* contraventions of other laws relating to fraud or dishonesty by corporations or their members; and

* contraventions of other laws relating to fraud or dishonesty by councils.

Proposed section 7 provides for the Commission to consist of a Commissioner. The Commissioner is to be appointed by the Governor- General, for a term up to five years, hold office on a full- time basis, and on such terms and conditions as provided for under the ACA Act or as determined by the Minister.

The Commissioner is given responsibility for managing the day- to- day administration of the Commission by proposed section 8.

Proposed section 9E provides that the Commissioner must notify the Minister if he/she acquires any interest in any corporation, or any matter being dealt with by the Commission. The Commissioner is prohibited from taking part in any matter being dealt with by the Commission in which he/she has or acquires an interest, unless otherwise directed by the Minister.

Proposed section 9L makes it an offence, punishable by a maximum term of imprisonment of 12 months, if Commission staff, consultants etc., who have or acquire an interest that could involve a conflict of interest with their duties, do not notify the Commission of that interest.

Commission moneys may only be applied:

- in the payment of obligations incurred by the Commission in the performance and exercise of its functions and powers;

- in the payment of any remuneration, allowances or benefits payable under the ACC Act; and

- in relation to the Commissioner's superannuation ( proposed section 9O).

Proposed section 9P requires the Commission to prepare estimates of its receipts and expenditure each financial year, and any other period specified by the Minister. The estimates are to be in such form as directed by the Minister and be given to him/her within such time as directed. The Commission's money is to be spent only in accordance with estimates approved by the Minister.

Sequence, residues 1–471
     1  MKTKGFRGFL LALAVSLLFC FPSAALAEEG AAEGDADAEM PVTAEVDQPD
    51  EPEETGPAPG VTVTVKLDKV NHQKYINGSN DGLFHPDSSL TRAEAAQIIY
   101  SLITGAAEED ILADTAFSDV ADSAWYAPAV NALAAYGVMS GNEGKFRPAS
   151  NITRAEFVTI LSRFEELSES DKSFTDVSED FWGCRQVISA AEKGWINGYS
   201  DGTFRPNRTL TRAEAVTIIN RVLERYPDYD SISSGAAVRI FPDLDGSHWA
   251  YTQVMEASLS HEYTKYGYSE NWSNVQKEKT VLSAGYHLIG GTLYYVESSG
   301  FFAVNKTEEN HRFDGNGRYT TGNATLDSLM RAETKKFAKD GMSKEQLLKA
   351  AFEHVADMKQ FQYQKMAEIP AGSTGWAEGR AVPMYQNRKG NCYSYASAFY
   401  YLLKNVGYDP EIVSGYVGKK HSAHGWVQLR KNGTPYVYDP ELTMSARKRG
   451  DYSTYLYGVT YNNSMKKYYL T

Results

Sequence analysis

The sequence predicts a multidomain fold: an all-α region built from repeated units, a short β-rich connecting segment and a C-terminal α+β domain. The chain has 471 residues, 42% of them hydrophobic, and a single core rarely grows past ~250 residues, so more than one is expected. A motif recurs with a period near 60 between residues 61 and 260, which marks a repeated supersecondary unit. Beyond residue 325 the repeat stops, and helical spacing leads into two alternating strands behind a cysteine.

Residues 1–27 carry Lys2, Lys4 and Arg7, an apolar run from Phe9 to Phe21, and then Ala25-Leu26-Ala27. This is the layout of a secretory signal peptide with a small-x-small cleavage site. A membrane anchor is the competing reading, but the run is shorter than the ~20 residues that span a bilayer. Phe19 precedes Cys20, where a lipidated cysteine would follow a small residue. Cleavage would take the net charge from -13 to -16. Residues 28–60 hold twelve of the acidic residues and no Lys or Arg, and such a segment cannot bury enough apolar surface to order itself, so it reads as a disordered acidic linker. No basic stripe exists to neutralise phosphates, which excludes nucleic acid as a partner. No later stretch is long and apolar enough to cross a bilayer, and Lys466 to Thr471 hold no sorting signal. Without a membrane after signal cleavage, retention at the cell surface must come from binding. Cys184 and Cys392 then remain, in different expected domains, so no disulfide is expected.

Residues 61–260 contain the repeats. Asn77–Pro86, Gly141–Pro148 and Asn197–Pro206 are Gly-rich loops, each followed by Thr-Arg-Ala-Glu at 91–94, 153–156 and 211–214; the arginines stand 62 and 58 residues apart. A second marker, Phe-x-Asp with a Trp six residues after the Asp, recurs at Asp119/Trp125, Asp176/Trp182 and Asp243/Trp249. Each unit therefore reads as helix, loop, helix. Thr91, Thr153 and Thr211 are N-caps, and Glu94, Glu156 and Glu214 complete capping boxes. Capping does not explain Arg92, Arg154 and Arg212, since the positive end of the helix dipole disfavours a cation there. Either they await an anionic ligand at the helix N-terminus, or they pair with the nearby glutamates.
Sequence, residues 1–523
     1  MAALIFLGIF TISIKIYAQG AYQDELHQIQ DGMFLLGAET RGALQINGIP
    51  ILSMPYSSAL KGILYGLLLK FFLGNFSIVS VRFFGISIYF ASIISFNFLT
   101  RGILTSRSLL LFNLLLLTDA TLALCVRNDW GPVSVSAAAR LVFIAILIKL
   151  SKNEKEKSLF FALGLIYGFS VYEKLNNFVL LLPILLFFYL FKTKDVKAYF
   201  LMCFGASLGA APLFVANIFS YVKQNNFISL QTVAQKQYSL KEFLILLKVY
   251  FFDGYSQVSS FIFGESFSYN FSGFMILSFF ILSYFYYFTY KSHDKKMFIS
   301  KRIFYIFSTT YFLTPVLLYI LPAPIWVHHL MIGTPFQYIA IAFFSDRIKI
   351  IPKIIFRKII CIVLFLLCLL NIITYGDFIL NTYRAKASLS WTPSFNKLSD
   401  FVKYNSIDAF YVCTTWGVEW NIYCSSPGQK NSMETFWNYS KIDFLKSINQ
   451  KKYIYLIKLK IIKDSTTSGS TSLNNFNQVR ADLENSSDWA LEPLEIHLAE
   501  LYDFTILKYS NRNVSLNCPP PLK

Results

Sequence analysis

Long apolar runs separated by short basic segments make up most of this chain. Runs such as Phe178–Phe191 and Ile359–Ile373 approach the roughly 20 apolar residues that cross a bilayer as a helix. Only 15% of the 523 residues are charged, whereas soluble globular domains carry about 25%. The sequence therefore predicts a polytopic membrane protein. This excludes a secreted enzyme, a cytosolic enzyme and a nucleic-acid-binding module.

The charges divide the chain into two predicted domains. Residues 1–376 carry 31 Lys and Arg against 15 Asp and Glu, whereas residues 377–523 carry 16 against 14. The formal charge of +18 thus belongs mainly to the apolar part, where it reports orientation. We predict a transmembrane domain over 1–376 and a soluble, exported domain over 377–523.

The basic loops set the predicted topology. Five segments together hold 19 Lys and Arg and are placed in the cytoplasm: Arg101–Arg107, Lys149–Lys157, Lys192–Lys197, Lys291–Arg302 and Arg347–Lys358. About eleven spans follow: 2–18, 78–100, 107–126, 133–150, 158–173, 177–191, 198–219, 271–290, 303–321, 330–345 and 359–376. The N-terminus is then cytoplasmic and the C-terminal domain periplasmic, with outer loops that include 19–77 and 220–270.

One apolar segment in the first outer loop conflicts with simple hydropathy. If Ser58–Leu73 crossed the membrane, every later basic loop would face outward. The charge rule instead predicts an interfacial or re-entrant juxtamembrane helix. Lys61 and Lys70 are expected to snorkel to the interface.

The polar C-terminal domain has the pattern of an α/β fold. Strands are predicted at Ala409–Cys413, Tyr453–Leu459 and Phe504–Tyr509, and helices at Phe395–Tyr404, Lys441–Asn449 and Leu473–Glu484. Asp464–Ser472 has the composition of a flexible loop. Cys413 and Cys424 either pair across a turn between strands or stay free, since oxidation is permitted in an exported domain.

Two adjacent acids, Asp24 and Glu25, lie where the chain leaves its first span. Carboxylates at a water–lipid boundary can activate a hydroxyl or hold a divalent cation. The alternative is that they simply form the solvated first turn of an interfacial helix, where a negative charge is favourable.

The Commission will be subject to the Audit Act 1901 ( proposed section 9Q), and the Commission's annual report and financial statements must describe:

- the specific goals the Commission pursued, and priorities it followed, in performing its functions during the year; and

- any matter adversely affecting the Commission's effectiveness during the year ( proposed section 9R).

Council accounts, records and financial statements

Clause 9 amends section 38 of the ACA Act which deals with the keeping of financial records and financial reporting. Overall, the amendments set higher reporting requirements for councils. Subclause 9(1)(a) requires a council each financial year to provide the Commission with financial statements, in a form approved by the Commission, consisting of:

* a balance sheet;

* an income and expenditure statement; and

* notes, forming an integral part of the financial statements.

The effect of proposed subsection 38(2A), which will be inserted in the ACA Act by subclause 9(1)(b), will be to make council financial statements subject to Corporations Law accounting standards.

Subclause 9(1)(d) inserts a new subsection 38(3A) requiring auditor's reports [subsection 38(3) requires council financial statements to be audited] to state certain matters, including:

* whether in the auditor's opinion a council has complied with the obligations imposed by this proposed Act, the regulations and rules of the council;

* whether in the auditor's opinion a council's financial statements are based on proper accounts and records and are in agreement with those accounts and records; and

* whether in the auditor's opinion a council's financial statements give a true and fair view of the financial transactions and the state of affairs of the council.

Subclause 9(1)(d) also inserts a new subsection 38(3B) in the ACA Act which requires an auditor, where he/she is of the opinion an irregularity has been disclosed by the audit, to give the Commission a copy of his/her report at the same time as it is given to the Council.

Examination of council documents

Subclause 10(a) amends subclause 39(1) by substituting the Commission for the Registrar, and widening the scope of the Commission's power to examine a council's documents by allowing the examination of "all documents relating to the affairs of an Aboriginal Council" rather then merely "the documents of an Aboriginal Council."

Subclause 10(b) inserts new subsections 39(4A) and 39(4B) allowing an authorised person to examine on oath, or affirmation, a person required to answer questions or produce documents. Such an oath or affirmation is one that the statements the person will make will be true.